- FFF Advocate:
- Marty Vlasman
- Place of Residence:
- Mitchell, South Dakota
- 46 years old, 2014
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Marty spent six weeks in a coma due to flu. His heart stopped three times, his kidneys failed, and he lost over 100 pounds. He still stuffers with chronic health complications.
In December 2013, Marty started feeling ill with a stuffy nose, cough, and fever. By New Year’s, his niece brought him to Urgent Care where they suspected he had bronchitis. When he still wasn’t feeling better on January 5, 2014, his niece took him to the ER. The last thing Marty remembers from that day is feeling delirious and having difficulty breathing. He didn’t regain consciousness again until February 14th.
Shortly after arriving at the first hospital in Mitchell, SD, Marty was flown to another hospital in Sioux Falls where he tested positive for influenza. Since Marty had fluid filling his lungs, he couldn’t get enough oxygen and went into congestive heart failure. Shortly after, he was put into a medically-induced coma and flown to the Mayo Clinic in Rochester to be cared for in the cardiac intensive care unit.
During those first few days, doctors drained gallons of fluid from his lungs. Since his heart and lungs were not strong enough to work on their own, Marty was put on an extracorporeal membrane oxygenation (ECMO) machine. The doctors first tried connecting the ECMO through his neck, but when that didn’t work well enough, they had to open up Marty’s chest and connect the ECMO directly to his heart.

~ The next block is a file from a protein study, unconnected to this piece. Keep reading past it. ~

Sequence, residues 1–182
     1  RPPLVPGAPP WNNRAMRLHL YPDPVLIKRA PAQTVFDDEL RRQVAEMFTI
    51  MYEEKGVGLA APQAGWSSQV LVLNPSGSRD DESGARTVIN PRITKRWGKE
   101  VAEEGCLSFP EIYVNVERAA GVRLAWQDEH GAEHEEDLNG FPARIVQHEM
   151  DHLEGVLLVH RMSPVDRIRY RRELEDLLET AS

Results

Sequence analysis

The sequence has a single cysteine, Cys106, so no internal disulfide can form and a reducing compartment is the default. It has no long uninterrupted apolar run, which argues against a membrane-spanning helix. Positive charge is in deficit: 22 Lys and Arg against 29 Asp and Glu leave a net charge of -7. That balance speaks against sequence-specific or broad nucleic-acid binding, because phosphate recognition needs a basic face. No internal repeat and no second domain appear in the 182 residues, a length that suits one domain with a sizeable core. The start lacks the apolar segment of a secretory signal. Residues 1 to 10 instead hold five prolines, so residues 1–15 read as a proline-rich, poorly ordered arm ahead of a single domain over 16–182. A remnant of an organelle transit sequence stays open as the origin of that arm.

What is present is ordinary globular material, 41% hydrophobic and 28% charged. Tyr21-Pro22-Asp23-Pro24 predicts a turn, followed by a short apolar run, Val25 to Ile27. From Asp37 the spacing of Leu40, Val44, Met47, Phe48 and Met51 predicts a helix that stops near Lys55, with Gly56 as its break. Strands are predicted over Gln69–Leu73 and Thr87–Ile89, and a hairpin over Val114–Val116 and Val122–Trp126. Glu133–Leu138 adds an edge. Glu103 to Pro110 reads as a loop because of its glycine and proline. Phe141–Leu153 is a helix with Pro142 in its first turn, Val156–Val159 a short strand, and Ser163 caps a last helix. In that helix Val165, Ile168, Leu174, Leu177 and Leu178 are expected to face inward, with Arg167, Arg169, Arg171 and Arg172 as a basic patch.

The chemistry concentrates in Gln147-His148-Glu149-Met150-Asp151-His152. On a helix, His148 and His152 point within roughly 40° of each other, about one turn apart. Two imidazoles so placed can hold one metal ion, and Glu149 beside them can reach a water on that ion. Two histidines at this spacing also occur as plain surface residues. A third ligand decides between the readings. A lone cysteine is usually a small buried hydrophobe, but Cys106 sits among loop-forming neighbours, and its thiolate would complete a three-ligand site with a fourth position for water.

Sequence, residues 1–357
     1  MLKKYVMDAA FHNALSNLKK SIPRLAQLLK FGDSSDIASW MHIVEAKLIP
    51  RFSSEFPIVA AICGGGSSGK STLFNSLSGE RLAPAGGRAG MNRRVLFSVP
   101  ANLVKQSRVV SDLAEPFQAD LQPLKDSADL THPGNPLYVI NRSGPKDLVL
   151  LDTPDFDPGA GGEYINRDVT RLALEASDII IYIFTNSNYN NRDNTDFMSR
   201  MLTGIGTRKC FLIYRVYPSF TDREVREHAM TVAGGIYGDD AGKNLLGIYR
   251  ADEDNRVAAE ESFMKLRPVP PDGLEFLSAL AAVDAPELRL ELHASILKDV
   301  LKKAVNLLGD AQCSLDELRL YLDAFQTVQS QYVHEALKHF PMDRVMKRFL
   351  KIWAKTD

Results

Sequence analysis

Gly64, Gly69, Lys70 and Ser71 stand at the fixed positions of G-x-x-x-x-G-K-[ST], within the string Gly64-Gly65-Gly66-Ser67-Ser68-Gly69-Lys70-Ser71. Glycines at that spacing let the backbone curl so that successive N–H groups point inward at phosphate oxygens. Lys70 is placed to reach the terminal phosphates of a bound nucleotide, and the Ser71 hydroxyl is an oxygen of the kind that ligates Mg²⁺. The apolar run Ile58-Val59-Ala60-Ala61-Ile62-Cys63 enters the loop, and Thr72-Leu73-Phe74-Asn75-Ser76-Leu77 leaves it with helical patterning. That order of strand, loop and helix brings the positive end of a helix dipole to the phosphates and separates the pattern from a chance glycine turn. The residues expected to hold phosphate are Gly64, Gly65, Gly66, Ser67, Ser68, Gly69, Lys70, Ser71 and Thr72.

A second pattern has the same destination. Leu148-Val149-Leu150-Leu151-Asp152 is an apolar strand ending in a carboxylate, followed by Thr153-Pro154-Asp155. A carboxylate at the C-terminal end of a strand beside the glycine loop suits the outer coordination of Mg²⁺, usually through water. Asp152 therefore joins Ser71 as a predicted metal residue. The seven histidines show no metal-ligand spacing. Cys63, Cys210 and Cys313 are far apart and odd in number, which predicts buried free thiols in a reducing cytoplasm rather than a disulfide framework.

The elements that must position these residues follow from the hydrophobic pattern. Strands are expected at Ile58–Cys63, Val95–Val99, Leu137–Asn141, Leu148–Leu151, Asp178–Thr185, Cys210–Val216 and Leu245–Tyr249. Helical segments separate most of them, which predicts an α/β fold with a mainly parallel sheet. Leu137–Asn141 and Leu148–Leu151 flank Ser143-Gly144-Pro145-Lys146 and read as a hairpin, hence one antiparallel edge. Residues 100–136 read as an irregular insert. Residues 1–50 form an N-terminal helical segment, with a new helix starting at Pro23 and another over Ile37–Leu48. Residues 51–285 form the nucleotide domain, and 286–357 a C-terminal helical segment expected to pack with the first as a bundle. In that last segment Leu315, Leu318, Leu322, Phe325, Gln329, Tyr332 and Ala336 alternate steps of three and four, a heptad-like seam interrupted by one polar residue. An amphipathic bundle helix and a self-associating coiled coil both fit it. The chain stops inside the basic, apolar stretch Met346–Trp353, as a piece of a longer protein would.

Each day doctors had to clean out Marty’s chest wounds to fight off infection. Over the six weeks Marty spent in coma, his heart stopped three times, his kidneys failed, and he lost over 100 pounds. He was finally taken off the ECMO machine on February 14th, but he was so weak that he couldn’t move his hands or legs, and he did not know where he was or what had happened since he lost consciousness on January 5th.
Five days later, on Marty’s 47th birthday, he was finally released from the hospital. His voice was hoarse and raspy from being on a breathing tube for so long, and he had scars where they had to open his stomach and chest to drain out fluid. He was too weak to go home, so he spent weeks in a rehab hospital, building up his strength, re-learning how to walk, and continuing to heal the open wounds in his chest. While he was recovering he got an infection in one of his chest incisions and had to return to the Mayo Clinic for more surgery. He then returned to another rehab hospital and was on IV antibiotics for months to ensure the infection wouldn’t come back.
Marty’s recovery has continued, but he has never returned to complete health. He still suffers from various health restrictions, half of his chest is numb and he will never be able to return to his job as a satellite communications equipment installer due to the fact that he can no longer climb and lift.
Prior to this experience, Marty had never been vaccinated against the flu. Now, he realizes what a mistake that was and never misses getting an annual flu vaccine now. He still gets upset thinking about all that he put his family through as they stood by his side.
Today Marty shares his story in hopes that other people will take the proper precautions by getting their annual flu vaccine. Through a nonprofit called Cruisin’ For A Cause, Marty raises money to assist people in his local community with medical expenses that were incurred due to illness or death.
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